This being an Avalanche, the Escalade EXT also comes with that model’s famous “midgate”, made possible because of the single body/box unit. The gate – actually the rear of the cab – can be opened, making it possible to load items right to the front seats. It’s relatively easy, but it’s fussy: first, you flip up the rear seat cushions and then fold the seatback down. Then, you unlock two latches – if you’re doing it yourself, you’ll probably have to walk around the truck to reach them both – hit the safety catch, and remove the rear window, which can then be stored on the gate. Once more around the truck to flip two more latches, and the midgate drops flat.

You can also put the window back into its place; since the Escalade has a three-piece hard tonneau with a power-locking tailgate, you can drive around with the midgate down but the window up, so that the truck sealed against weather or intruders. The tonneau also comes off, but the pieces must be strapped to the side of the box; it’s surprising no one’s come up with a recessed floor where they could be stored.

Click image to enlarge

All in all, between the midgate and the tonneau, there are a lot of combinations, including open rear window, closed storage compartment, and wide-open for big items. I don’t imagine too many buyers are actually going to be crawling in and out and regularly putting this gate up and down (and don’t most Cadillac owners get their bulky stuff delivered, anyway?), but it’s part of the Avalanche architecture and so goes with the package.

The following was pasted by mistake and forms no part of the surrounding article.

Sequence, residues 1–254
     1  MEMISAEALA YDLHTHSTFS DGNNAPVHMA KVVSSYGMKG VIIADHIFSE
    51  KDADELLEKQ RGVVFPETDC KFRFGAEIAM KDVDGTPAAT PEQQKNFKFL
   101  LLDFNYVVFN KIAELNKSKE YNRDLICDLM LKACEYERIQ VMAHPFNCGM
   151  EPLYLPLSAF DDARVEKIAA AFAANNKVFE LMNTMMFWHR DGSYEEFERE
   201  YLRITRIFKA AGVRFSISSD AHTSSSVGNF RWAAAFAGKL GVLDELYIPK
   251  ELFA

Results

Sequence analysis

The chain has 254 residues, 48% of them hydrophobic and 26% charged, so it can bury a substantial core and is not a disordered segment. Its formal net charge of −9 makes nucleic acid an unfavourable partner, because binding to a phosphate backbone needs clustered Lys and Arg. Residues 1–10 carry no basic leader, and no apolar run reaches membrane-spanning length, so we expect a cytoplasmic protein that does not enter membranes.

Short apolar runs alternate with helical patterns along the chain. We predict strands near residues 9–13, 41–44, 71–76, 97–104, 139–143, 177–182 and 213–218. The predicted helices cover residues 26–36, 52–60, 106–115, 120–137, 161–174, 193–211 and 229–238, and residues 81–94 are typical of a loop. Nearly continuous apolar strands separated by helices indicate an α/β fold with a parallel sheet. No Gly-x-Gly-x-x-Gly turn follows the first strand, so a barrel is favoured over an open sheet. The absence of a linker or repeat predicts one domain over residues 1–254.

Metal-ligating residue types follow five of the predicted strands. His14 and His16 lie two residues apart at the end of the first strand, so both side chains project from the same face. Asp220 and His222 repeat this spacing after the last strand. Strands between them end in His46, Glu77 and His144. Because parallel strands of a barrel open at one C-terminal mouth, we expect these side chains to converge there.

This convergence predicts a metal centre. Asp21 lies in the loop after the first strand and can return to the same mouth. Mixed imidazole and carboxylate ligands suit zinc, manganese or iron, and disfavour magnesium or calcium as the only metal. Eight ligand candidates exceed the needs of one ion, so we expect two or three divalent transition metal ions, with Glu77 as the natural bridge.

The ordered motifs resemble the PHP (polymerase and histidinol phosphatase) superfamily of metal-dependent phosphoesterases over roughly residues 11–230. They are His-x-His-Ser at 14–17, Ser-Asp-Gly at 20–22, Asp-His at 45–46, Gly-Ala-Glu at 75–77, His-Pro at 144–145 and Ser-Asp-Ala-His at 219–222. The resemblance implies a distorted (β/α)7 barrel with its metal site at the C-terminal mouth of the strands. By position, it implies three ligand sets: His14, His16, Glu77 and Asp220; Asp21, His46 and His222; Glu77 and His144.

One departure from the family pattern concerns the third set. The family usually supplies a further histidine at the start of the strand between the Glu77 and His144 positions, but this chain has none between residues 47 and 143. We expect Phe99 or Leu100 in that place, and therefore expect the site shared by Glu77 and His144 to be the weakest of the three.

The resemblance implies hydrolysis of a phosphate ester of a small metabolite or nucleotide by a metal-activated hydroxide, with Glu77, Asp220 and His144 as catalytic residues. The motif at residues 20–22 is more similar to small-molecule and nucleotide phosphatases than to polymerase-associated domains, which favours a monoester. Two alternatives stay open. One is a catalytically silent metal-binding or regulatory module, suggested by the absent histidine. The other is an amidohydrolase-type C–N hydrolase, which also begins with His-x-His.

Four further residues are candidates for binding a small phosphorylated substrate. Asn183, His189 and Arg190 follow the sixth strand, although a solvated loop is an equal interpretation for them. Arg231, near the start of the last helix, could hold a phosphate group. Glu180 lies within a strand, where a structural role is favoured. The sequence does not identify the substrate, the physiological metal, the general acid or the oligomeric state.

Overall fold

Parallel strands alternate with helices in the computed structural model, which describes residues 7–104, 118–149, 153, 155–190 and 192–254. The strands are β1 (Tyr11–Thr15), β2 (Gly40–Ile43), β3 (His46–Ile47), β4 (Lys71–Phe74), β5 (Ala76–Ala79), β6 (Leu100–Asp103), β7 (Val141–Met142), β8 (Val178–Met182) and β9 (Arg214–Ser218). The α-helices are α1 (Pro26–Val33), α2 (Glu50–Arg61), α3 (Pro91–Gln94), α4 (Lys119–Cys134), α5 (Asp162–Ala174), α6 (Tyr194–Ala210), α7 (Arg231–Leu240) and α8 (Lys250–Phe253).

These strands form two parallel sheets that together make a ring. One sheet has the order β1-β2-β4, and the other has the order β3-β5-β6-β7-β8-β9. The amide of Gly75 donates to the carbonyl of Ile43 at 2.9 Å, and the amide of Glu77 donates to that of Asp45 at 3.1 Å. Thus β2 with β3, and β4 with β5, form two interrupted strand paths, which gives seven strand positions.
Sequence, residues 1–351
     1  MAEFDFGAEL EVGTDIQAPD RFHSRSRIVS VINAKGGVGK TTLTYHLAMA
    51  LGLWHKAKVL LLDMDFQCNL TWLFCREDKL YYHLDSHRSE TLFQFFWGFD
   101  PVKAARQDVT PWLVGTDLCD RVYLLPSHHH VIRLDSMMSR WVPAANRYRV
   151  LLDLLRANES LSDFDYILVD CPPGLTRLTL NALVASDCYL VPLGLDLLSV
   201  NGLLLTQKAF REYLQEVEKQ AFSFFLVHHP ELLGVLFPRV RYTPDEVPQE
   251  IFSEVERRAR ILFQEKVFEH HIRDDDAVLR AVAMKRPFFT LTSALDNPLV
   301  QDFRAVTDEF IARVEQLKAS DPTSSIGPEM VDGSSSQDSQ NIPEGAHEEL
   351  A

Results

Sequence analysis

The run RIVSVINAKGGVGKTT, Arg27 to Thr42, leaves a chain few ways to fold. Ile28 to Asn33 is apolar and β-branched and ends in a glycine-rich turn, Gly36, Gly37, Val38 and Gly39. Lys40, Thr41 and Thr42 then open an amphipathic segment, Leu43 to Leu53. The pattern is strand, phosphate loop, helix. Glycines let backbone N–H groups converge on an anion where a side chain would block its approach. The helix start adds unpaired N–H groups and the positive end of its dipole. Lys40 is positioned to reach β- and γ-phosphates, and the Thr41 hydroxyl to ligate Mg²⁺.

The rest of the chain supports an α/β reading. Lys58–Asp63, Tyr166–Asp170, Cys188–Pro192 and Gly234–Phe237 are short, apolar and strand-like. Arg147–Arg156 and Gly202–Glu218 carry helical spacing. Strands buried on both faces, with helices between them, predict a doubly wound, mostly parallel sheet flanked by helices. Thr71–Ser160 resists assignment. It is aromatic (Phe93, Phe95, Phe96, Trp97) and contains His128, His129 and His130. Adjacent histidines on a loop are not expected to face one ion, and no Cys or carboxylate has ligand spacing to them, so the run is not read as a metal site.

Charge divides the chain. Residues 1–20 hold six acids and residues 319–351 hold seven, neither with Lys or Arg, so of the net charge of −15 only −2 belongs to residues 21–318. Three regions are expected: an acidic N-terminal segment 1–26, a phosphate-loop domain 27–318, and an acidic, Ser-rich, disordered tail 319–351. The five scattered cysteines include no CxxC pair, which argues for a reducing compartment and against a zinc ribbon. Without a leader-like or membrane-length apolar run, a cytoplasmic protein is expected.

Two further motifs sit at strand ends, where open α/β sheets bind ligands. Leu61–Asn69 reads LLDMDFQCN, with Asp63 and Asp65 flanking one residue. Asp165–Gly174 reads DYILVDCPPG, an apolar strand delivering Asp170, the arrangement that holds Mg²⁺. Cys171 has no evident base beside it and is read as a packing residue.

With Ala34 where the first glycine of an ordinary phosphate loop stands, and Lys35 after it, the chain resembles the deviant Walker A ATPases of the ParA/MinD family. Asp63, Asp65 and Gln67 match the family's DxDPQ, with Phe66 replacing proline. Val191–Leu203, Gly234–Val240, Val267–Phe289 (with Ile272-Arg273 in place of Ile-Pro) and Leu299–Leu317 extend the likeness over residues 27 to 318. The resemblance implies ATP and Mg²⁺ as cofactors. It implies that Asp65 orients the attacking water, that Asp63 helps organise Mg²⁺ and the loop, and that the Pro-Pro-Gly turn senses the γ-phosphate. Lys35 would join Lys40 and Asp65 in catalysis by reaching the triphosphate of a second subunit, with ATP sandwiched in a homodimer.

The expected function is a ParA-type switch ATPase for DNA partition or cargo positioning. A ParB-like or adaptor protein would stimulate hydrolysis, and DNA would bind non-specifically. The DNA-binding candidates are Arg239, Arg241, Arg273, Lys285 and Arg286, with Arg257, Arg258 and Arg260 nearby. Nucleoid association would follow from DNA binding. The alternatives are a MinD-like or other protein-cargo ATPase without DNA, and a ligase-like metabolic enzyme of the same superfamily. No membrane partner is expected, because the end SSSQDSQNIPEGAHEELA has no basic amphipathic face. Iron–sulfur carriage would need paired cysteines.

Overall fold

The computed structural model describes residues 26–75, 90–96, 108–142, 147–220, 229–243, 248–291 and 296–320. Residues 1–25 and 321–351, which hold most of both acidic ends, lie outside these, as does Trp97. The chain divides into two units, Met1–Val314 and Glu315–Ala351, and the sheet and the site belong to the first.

Also borrowed from the Avalanche is a pair of side “saddlebags”: unlock the plastic lid on top of the box, and items can be securely stored in the pockets over the wheel wells. Small items will fall forward and be difficult to reach, but it’s a great spot, as one GM representative told me, to put one’s fishing rod and boots when going out for the day.

Click image to enlarge

That’s a good place to take it, too. The Escalade is a big, tall truck, and the thick triangular buttresses create huge blind spots: this vehicle is a handful in the city. It’s a suburban truck, happiest on back roads, where it can make the most of its big engine and its all-day-comfortable stance. It’s big and goofy, but if you like a luxury truck, it’s probably the best big-and-goofy you’ll find. And you don’t even need a bumper sticker to tell people what it is.

Pricing: 2007 Cadillac Escalade EXT

Base price $71,495

Options $10,185

(Navigation system $3,640; 22-inch wheel package $2,995; rear seat entertainment centre $2,295; cooled front seats $625; rearview camera system $235; Intellibeam headlamps $215; heated steering wheel $180)

A/C tax $ 100

Freight $ 1,350

Price as tested $83,130


Click here for complete specifications

Manufacturer’s web site

Connect with